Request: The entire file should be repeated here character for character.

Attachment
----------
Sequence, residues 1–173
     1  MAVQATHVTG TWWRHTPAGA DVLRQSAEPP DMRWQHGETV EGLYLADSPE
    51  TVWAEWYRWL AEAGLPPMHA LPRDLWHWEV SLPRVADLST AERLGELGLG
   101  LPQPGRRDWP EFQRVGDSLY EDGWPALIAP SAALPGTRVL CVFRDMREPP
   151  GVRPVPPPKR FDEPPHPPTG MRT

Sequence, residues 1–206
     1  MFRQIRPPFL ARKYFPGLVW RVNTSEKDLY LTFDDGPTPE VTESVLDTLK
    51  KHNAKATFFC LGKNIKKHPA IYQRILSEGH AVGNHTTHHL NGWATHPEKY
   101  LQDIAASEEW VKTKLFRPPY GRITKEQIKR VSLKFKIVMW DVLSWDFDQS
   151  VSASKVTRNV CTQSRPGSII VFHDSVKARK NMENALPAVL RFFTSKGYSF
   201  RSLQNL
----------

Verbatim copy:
Sequence, residues 1–173
     1  MAVQATHVTG TWWRHTPAGA DVLRQSAEPP DMRWQHGETV EGLYLADSPE
    51  TVWAEWYRWL AEAGLPPMHA LPRDLWHWEV SLPRVADLST AERLGELGLG
   101  LPQPGRRDWP EFQRVGDSLY EDGWPALIAP SAALPGTRVL CVFRDMREPP
   151  GVRPVPPPKR FDEPPHPPTG MRT

Sequence, residues 1–206
     1  MFRQIRPPFL ARKYFPGLVW RVNTSEKDLY LTFDDGPTPE VTESVLDTLK
    51  KHNAKATFFC LGKNIKKHPA IYQRILSEGH AVGNHTTHHL NGWATHPEKY
   101  LQDIAASEEW VKTKLFRPPY GRITKEQIKR VSLKFKIVMW DVLSWDFDQS
   151  VSASKVTRNV CTQSRPGSII VFHDSVKARK NMENALPAVL RFFTSKGYSF
   201  RSLQNL